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Thread: Instrument Insurance Help

  1. #51
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    Default Re: Instrument Insurance Help

    I have a rider on my State Farm policy for instruments and jewelry. Recently I updated my musical instrument list and values. Created a spread sheet with a picture of each one along with info and value. Took this to the local music store (I know the owner) and asked if he would look over the list and write me a cover sheet on his letterhead saying he has reviewed the values and they are reflective of the present market. Gave him a nice gift certificate.
    I pay about $5 per thousand of value a year.
    " Give me some words I can dance to and a melody that rhymes" - Steve Goodman

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  3. #52
    Innocent Bystander JeffD's Avatar
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    Default Re: Instrument Insurance Help

    Quote Originally Posted by Lucas View Post
    I have Mercury Insurance. My agent said that my homeonwer's policy covers all my instruments for loss or theft up to $60,000, without the need to buy any riders on my policy. Unless you are a professional, there may not be a need to buy any additional insurance. If you are a professional musician, then you would need to buy a policy from Heritage or Anderson.

    That is my understanding. Feel free to correct me if I am wrong.
    Some policies consider you a professional if you ever took any money for playing. Even a free meal.
    Life is short, play hard. Life is really really short, play really really hard.

    The entire staff
    funny....

  4. #53
    Registered User Sue Rieter's Avatar
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    Default Re: Instrument Insurance Help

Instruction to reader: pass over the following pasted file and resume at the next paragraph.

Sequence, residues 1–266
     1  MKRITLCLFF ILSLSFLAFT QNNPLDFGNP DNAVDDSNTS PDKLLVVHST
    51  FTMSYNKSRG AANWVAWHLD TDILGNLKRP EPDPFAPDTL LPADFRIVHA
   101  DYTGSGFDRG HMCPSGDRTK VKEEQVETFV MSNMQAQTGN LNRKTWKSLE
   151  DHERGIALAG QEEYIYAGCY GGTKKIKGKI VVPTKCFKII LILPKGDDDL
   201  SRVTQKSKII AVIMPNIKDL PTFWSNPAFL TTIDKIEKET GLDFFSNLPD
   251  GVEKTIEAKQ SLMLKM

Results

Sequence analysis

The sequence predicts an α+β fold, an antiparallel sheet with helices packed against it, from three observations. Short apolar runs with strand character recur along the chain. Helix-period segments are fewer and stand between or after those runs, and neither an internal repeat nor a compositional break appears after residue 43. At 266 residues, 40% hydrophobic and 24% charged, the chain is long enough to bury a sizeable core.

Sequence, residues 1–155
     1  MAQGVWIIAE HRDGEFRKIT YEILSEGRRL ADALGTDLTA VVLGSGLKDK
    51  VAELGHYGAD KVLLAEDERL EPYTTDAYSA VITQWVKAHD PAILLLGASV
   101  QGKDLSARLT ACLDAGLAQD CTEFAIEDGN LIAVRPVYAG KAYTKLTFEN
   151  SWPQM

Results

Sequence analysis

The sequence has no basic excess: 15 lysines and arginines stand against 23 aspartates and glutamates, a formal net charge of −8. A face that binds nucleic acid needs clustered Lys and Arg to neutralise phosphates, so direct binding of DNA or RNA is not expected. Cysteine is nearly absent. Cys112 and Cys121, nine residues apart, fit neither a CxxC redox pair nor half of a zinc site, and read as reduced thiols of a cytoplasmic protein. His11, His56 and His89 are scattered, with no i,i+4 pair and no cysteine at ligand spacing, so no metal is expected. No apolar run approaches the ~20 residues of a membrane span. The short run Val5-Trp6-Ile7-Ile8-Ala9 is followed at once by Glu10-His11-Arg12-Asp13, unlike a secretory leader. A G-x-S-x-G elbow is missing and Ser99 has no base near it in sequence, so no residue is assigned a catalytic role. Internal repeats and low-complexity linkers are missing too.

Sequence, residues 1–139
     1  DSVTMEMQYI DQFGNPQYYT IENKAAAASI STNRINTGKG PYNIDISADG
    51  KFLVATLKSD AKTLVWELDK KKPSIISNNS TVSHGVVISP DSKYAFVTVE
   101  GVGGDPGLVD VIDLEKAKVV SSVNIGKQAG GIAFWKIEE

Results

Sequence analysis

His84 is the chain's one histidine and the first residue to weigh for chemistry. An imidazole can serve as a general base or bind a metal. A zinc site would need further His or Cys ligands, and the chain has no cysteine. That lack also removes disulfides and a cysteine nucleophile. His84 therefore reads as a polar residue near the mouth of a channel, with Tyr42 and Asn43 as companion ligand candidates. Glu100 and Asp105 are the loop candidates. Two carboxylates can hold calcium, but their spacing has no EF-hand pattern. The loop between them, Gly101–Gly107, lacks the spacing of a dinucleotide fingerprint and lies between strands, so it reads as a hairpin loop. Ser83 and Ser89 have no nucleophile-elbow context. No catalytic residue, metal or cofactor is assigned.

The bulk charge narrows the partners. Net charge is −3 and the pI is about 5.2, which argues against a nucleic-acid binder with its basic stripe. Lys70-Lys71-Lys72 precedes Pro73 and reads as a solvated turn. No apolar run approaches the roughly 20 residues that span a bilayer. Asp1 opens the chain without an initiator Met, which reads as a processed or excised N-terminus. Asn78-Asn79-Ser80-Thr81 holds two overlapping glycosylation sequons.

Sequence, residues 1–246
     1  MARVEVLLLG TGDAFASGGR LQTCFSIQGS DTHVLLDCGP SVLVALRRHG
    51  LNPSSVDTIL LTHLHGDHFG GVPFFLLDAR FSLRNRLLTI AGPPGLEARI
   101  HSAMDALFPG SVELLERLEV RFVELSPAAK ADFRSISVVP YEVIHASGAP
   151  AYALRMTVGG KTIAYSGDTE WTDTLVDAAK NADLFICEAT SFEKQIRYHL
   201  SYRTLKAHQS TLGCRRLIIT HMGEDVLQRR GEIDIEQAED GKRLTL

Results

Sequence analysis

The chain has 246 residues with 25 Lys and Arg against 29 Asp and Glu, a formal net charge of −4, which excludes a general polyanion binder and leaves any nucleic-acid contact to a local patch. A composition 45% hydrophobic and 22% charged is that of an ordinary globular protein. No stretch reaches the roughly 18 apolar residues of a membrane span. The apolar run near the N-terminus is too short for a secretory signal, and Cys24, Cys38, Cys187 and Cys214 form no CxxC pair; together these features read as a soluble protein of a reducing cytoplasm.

Quote Originally Posted by JeffD View Post
    Some policies consider you a professional if you ever took any money for playing. Even a free meal.
    Amica says this is not an issue. I'm reading the fine print. It's fine, and I'm old with bad eyes, so it's taking awhile.

  5. #54

    Default Re: Instrument Insurance Help

    Sue make sure that there is no depreciation on the coverage. As for appraisals, Jake would be able to give you a valuation, in writing for the vintage pieces, but reasonable replacement value on the Kentucky would be the current market price for a new one.

    Keep an eye on the market so that you make sure to update your coverage every year.
    Sorry, I am no longer suffering fools

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  7. #55
    Registered User Denis Kearns's Avatar
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    Default Re: Instrument Insurance Help

    I also have my car and house insured by USAA and talked with their representative yesterday. Although the website says everything must have an appraisal, he indicated that, for items under $15K, this is not initially necessary; HOWEVER, after a reported loss you need to supply the following: 1) An appraisal or bill of sale to establish value and 2) proof of ownership (such as a photo with you in it). It also seemed that they might have a little difficulty with instruments that are no longer in production, i.e., no easy replacement or in other words, all those wonderful Gibsons, Regals, Nationals, Harmonys, and (now) even Webers. I plan to get a Heritage policy. USAA has been excellent and very responsive to our family’s needs, but I think that Hertiage will afford me less potential hassle and more peace of mind.